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Las Cruces man gets caught in pico de lie-o

Eduardo Triste

Copyright © 2019 Albuquerque Journal

The only thing worse than bad salsa is no salsa – and losing tens of thousands of dollars.

A sweet-talking Las Cruces man who managed to convince a California telemarketer to fork over $65,000 for a fictitious salsa company has landed in hot water over the swindle.

Eduardo Triste, 78, was convicted Wednesday of fraud over $20,000 and securities fraud for conning Orange County resident Mary Hill out of her money.

“That guy’s a jerk,” Hill said when reached by phone Friday.

A jury in Las Cruces found Triste guilty for wooing the 70-year-old woman in 2015, filling her head with grandiose lies and convincing her to partner with him in the salsa venture. By the time authorities caught up with him, they say he had already used the money he conned Hill out of, with some of it going to pay off criminal debts from a previous grift.

Triste, who has yet to be sentenced, was booked into the Doña Ana County Detention Center but faces several years in prison.

Hill said she met Triste on a cold-call while working at a company selling pain cream in California in April 2015, and he was able to finesse her cellphone number.

“He sounded interesting, very nice,” she said.

Over the next year the two carried on a long-distance relationship and business partnership, talking two to three times a week over the phone.

At first, Hill said Triste mostly talked about himself, bragging about serving in the Vietnam War as a major in the Marines and making outlandish claims, which turned out to be lies.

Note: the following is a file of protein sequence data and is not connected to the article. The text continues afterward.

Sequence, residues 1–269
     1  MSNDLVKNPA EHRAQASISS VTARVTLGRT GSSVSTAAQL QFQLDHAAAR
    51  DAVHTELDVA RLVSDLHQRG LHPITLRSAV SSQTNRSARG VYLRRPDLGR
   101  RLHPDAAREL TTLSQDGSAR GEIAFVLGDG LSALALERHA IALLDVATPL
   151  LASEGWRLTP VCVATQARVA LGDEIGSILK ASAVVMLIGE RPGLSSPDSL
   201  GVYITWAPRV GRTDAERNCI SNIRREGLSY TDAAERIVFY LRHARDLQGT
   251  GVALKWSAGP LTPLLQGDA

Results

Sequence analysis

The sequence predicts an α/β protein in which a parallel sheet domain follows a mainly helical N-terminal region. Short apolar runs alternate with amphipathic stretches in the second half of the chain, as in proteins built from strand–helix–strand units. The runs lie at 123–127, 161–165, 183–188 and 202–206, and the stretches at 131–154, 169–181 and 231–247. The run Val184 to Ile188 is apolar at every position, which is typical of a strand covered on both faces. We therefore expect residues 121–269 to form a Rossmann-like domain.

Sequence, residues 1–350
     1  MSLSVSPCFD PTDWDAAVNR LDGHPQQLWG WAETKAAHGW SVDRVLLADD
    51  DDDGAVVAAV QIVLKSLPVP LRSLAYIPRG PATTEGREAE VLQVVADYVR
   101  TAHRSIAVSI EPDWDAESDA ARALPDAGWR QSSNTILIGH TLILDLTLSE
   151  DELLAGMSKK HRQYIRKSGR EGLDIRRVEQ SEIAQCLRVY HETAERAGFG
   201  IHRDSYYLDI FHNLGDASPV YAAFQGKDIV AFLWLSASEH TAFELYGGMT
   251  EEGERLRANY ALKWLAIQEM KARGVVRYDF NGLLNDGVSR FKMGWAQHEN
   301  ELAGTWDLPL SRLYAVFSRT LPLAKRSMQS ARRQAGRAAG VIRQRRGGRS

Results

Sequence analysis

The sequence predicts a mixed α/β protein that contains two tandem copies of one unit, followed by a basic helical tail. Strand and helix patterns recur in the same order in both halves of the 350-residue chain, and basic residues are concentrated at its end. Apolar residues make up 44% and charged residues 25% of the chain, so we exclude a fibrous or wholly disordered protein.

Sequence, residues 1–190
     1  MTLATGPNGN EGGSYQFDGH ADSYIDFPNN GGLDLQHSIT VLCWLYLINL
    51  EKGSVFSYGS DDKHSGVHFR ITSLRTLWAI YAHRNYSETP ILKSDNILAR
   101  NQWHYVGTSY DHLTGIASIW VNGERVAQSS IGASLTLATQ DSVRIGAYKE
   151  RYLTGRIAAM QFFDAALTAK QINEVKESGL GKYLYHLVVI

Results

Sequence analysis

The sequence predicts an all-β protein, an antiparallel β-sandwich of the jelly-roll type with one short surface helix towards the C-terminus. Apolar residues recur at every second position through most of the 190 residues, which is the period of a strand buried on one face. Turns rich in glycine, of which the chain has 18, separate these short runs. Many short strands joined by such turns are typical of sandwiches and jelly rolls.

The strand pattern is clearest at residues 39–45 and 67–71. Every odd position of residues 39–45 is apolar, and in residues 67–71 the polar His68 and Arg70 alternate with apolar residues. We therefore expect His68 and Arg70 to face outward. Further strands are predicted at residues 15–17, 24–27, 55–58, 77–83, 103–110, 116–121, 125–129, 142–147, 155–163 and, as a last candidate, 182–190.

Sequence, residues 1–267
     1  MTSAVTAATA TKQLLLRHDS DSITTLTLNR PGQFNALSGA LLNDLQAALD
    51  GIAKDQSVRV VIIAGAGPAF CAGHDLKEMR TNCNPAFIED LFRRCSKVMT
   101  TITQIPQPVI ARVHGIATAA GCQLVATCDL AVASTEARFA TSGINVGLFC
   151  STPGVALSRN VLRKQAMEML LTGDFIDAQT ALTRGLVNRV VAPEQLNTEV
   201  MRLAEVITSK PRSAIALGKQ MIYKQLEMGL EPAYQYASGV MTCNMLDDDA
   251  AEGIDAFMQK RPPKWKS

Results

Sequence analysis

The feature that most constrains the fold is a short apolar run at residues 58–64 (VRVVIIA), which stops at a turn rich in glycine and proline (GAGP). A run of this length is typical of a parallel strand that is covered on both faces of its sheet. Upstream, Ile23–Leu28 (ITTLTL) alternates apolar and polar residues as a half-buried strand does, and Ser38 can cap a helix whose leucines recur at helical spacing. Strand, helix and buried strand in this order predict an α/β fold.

“He claims when he got to Vietnam, he was a POW and he shared a cell with John McCain,” she said. “Which, you know, I thought, ‘Now this is strange.’ ”

But Triste soon convinced Hill to start a salsa company with him and invest money to pay for the trucks to transport the product and for employee salaries, among other costs.

She said the idea was to grow the pico de gallo on his land in southern New Mexico and have a military buddy, George Chen, use his plane to transport the salsa around New Mexico, Arizona and Nevada where it would be sold to restaurants.

“I found out later that George Chen was make-believe,” Hill said.

After giving Triste the money, she said he promised to come to California to touch base and discuss further plans for the company, which was supposed to be up and running.

“At any rate, he never showed up,” Hill told the Journal. “I didn’t know he was married. … I had no idea he was on probation, or parole, for the other people he defrauded.”

She said he stopped answering his phone and, in 2017, Hill flew to Las Cruces and found out the trucks, the employees, the pico de gallo didn’t exist. So she went to Triste’s home with a handwritten letter.

“I handed him this letter, letting him know how upset I was,” Hill said. “I said, ‘You don’t have the chutzpah, the guts or determination to follow through with it.’ ”

From there, she got the Doña Ana County Sheriff’s Office involved and an agent from the New Mexico Regulation and Licensing Department, which showed Hill a list of all the people Triste had defrauded in the past.

“We will continue to protect the citizens of New Mexico from the nefarious actions of wrongdoers who prey on trusting individuals,” Marguerite Salazar, superintendent of the state Regulation and Licensing Department, said in a statement announcing Triste’s conviction.

Hill said she couldn’t let him go on defrauding other people.

“It’s just been unbelievable. I said, ‘It has to stop somewhere,’ ” she said.

Through authorities and NMRLD agents, Hill discovered Triste had spent all her money, using some of it to pay back a man he had defrauded in the past – a crime for which he had been convicted and sentenced to probation.

“He was very clever, very cunning, sneaky,” Hill said.

Court records show Triste was charged with fraud over $2,500, and sentenced to probation, in 2014 after swindling a man out of a $3,000 holding fee to sell a vintage 1959 Ford Sunliner that may or may not have existed.

Hill said she only wishes she could have been in the courtroom to see the look on his face when they found him guilty. But she is pleased that the ordeal is over.

“Triste, in Portugese, Spanish and Italian, it means sad,” Hill said. “In the long run, what the name actually means, is sad, and he is going to a sad place.”